I can also prepare in batches; the week we switch to winter menus I make six jars of the seasoning mix I’ll need for the chili. Much easier than pulling all those spice jars off the wall again and again! I can even chop up and premeasure onions to put in the freezer for my soups and stews.
For more variety, I only plan 5 days of each week, giving us two days that are free-form. I also don’t dictate which of the meals we eat on which day. We keep copies of the menus on our magnetic board, and once a recipe has been made, or a snack I purchased is gone, we place a magnet over it.
The “emergency week” menu. This menu has mostly ready-to-eat foods on it and is stored at the Prime/Whole Foods website as an online order. If I see that my week is going to be particularly crazy, I can just press go on the food order and the delivered groceries keep us from buying too much take-out; or buying fresh food that we won’t cook and then have to throw away.
The "magic" marker. I keep a sharpie in the kitchen and it has so many uses. It was news to me that you can use a sharpie to write on glass and it mostly comes off in the dishwasher, a quick swipe with the sponge takes off any leftover markings.
When we have a lot of people over, I have each person write their name on their glass so I don’t have to use disposable cups, or buy those little cup tag thingies. You can even use a silver sharpie to write names on the base of wine glasses.
When I open something that needs to be used quickly, like a box of chicken stock, or something that might be sitting around for awhile, like a jar of jalapeño jelly, I use the marker to write the date I opened it on the container. Not only do we waste less food, it makes cleaning out the fridge much faster.
I do this too with food I put in the freezer, like leftovers, or onions I’m saving for cooking later. This way I always know what to use first.
We don’t put clothes in our closets. This one is not universally applicable, but might get you thinking about your own laundry system. Our laundry room is in our basement, and it became clear to me early on that running dirty clothes to the laundry room and dragging fresh clothes to our bedroom closets was a ridiculous waste of effort.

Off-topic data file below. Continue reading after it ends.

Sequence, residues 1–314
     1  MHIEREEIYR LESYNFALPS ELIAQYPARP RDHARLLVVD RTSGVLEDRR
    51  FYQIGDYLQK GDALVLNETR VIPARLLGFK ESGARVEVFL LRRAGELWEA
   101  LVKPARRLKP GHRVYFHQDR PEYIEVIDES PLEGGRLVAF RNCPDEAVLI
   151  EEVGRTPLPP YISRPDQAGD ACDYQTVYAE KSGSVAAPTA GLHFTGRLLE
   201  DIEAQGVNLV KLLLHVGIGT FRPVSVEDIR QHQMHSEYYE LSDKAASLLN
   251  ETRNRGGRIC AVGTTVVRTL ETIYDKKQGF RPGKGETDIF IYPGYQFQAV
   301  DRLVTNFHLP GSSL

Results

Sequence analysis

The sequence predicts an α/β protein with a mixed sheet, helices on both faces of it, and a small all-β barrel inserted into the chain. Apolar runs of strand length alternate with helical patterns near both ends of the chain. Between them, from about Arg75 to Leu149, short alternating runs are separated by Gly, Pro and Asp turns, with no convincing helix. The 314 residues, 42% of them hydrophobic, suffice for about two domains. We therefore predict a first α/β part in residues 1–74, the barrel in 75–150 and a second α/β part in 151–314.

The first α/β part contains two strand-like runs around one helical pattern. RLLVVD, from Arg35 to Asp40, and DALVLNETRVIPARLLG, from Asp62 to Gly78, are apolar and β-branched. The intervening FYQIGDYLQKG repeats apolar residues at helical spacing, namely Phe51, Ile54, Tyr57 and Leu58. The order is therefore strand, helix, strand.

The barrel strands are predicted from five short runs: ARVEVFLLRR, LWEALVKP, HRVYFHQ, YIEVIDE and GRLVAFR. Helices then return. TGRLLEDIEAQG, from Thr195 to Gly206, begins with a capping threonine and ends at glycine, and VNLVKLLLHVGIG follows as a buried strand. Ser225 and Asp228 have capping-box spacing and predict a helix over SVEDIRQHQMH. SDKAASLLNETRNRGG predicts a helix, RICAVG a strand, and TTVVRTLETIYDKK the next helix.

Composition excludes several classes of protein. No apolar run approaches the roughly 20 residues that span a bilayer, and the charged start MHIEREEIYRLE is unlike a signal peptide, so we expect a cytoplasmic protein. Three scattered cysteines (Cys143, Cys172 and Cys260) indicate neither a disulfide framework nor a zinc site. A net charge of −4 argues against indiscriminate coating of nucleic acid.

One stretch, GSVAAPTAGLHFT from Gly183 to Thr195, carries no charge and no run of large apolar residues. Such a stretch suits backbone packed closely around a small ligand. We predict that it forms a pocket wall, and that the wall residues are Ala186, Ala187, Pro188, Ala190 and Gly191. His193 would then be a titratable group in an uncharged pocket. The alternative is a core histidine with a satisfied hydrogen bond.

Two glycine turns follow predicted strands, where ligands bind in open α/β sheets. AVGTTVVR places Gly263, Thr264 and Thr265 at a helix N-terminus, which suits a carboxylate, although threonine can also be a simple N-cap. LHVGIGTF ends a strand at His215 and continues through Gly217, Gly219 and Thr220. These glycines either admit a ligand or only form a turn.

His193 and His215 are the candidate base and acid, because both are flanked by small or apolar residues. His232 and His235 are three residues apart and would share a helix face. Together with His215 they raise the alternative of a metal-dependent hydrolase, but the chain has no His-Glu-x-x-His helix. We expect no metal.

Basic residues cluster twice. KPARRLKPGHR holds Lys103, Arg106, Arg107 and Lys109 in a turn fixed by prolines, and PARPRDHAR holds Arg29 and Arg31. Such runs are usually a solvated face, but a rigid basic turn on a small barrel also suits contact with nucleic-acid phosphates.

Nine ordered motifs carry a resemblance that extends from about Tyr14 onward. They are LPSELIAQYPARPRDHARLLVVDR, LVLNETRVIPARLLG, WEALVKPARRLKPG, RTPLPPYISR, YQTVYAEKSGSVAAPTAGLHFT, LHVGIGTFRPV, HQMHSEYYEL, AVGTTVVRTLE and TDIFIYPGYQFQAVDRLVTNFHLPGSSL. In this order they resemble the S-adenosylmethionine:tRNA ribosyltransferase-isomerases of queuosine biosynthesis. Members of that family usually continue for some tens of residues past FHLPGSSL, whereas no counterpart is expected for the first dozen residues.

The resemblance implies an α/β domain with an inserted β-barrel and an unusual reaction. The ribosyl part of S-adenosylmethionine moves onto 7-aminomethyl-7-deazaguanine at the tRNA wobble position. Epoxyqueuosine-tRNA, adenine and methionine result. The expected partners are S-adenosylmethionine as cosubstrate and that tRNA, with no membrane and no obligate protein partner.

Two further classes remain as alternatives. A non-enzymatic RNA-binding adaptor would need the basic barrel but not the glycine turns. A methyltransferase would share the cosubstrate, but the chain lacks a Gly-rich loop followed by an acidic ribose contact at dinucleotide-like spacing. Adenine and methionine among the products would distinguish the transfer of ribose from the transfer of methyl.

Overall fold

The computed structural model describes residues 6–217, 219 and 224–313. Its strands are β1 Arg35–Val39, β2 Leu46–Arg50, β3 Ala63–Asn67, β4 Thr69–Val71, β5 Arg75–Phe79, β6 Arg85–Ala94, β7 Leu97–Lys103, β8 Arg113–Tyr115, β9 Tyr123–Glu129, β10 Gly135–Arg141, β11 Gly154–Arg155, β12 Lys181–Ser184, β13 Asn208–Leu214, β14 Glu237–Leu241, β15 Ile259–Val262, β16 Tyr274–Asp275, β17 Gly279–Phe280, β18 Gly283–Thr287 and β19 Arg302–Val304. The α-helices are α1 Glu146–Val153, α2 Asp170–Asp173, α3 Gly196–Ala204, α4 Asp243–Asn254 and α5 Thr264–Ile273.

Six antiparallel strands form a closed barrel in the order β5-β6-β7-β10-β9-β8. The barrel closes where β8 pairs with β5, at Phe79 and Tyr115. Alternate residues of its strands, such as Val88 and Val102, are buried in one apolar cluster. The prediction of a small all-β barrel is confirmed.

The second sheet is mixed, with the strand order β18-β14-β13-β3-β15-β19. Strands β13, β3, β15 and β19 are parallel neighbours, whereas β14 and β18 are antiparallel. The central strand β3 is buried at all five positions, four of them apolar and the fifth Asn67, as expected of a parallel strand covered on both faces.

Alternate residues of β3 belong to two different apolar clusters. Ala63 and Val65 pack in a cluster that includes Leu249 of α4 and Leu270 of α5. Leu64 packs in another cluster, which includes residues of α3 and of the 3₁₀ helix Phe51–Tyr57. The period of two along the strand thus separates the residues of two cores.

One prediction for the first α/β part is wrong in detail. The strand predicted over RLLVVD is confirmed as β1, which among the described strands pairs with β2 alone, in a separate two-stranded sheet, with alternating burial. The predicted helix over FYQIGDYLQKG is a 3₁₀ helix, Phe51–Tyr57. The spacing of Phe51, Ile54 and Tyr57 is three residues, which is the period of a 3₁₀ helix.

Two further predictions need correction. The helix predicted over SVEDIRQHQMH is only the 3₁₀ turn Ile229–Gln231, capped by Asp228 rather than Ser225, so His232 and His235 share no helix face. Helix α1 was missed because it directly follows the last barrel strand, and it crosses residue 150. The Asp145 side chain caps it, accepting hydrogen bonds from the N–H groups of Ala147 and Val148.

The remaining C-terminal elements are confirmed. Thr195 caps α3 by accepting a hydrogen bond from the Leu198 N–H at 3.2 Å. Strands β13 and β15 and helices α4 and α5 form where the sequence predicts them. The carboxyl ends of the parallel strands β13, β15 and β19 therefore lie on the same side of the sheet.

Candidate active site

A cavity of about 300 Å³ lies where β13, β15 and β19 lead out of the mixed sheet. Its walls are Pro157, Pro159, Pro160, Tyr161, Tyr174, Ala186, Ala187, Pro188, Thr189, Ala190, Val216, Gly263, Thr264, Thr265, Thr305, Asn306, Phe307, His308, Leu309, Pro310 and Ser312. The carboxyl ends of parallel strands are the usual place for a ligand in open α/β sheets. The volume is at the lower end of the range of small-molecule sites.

Instead, we converted the laundry room in to a family walk-in closet with dressers, hanging clothes rods, and drying racks. People can shut the door and change in there, then just leave their dirty clothes in the bins on the way out.
I can't make a laundry chute from the bathroom directly to the laundry room, so we use the basement stairs as our laundry chute and throw our clothes down to be sorted into their appropriate baskets.
Think before buying. This isn’t so much a system, but rather a mindset. Before I purchase anything, I like to think about where it’s going to go and how much effort/cost it will be to maintain. Also, how long can I expect it to last?… How long do I think I’ll want to own it?... And what will I do with it when I’m done?
I wouldn’t call myself a minimalist, but I would call myself a thoughtful consumer. After all, everything we bring into our homes had to be created and/or grown by someone, stored and cared for, then transported to us; at which point we exchange our energy (dollars earned), to then give it a home… And we will keep giving it our energy (time) as we move it from one place to another, maintain it, and at some point dispose of it.
To me, these are all things worth considering as I make conscious choices about how I want to spend my one precious life.